Mālama Kumu in South Africa

November 16, 2015

A common question, from those in Hawai‘i and across the rest of the world, is why Punahou sends teachers to different places across the world to intersect with the Hōkūle'a? All of the experiences thus far have helped to answer that question, and validate the importance of engaging in ventures and transformations that Hōkūle'a has provided.

Day #4 began with the entire Hawai'i delegation visiting St. Mary's Primary School located outside of the urban center of Cape Town. It was obvious that this school was not as well-resourced as other schools, however the students were full of life and had much to share. A formal ceremony and greeting took place in their outdoor meeting place as students sat in front and around the space. Chief Navigator Nainoa Thompson ‘72 and other crew members of Hōkūle'a addressed the students and shared the message of environmental and ocean sustainability as well as their mission to carry peace across the world. The address culminated with the gift of desks donated to the school by the Desmond and Leah Tutu Legacy Foundation. Then students and teachers from Kamehameha School and Hālau Kū Mana Public Charter School performed both separately and together to share a little about Hawaiian culture through dance and song.

The response from the students and faculty at St. Mary's was lively and full of wonder, and a group of dancers and drummers from St. Mary's reciprocated by sharing some of their wonderful cultural traditions. The ability of the students to contort and maintain such high energy through their rhythmic patterns was extraordinary, but appeared to be status quo for them.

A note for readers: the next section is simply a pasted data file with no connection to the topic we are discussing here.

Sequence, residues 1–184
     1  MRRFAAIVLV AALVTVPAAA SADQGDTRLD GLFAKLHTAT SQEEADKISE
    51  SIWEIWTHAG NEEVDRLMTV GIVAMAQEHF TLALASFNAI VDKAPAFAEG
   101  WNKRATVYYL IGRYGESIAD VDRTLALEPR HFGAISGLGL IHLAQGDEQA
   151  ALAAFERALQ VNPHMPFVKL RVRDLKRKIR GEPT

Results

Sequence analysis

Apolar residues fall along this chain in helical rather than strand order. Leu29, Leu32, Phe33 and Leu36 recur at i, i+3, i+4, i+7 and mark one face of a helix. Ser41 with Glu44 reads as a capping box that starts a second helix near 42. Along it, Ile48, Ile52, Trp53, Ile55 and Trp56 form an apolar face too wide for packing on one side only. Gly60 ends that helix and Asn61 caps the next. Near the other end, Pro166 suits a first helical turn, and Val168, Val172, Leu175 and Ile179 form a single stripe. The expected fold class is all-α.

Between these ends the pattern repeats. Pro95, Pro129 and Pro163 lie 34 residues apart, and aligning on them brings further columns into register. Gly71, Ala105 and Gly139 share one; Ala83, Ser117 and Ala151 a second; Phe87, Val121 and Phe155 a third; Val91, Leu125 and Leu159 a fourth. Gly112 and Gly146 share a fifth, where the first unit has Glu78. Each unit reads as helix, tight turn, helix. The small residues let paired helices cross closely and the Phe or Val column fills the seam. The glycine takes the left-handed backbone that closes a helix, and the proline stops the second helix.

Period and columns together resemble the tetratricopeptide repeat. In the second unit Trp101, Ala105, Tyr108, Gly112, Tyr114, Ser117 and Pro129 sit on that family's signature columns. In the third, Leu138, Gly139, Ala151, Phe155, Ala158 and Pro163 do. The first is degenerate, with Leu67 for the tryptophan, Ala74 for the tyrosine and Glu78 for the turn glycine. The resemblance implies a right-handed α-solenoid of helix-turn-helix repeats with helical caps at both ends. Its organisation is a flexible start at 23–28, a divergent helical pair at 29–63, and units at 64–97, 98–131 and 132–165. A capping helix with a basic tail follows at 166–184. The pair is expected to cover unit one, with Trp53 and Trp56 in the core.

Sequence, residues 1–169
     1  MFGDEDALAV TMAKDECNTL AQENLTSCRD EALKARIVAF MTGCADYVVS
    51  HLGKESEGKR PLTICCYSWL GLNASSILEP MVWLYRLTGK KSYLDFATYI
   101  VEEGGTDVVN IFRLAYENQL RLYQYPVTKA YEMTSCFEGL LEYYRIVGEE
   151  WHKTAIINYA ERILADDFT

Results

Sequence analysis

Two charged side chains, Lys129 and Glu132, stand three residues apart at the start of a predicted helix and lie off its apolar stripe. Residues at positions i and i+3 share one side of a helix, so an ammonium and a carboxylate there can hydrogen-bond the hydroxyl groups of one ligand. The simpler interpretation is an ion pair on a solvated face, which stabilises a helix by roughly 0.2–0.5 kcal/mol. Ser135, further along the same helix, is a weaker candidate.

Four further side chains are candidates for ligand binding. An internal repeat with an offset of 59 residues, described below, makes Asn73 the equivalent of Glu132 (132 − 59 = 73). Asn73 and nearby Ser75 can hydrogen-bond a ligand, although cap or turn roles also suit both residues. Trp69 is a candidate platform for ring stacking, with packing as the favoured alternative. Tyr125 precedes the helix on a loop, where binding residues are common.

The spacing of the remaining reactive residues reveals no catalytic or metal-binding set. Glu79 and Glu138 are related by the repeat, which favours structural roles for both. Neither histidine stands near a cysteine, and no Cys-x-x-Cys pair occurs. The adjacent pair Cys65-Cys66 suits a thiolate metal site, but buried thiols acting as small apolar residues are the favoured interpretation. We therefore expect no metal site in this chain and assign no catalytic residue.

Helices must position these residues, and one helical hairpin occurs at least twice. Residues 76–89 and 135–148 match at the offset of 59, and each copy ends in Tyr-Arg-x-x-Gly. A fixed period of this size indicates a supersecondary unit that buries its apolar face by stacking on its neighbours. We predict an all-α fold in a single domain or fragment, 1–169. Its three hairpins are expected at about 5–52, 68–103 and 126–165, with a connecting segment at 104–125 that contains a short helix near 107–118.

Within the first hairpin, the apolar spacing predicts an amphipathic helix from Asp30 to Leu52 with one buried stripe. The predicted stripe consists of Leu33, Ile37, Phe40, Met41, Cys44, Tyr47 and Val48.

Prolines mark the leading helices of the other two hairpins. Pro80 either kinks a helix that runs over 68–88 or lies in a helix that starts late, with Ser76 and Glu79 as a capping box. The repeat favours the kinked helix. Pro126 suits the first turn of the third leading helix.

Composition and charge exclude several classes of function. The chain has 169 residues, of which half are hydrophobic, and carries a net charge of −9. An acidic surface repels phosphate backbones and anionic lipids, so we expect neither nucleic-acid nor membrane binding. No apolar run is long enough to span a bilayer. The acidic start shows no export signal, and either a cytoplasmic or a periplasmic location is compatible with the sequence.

The real magic began when the Hawaiian and South African cultures began to meld through dancing and drumming. Even the kumu and crewmembers got involved in the shared dance battles and congo lines.

Mornings like this validate the purpose of the voyage. Despite different languages, attire and cultural peculiarities, the similarities were endless. Neither group intended to prove their culture was better. Instead it was a validation of one's home culture while gaining further appreciation for the newly introduced cultural activities. The opportunity to familiarize parts of the world can only help future generations develop and practice greater empathy than was exhibited before.

Submitted by Chai Reddy, Director of Wo International Center at Punahou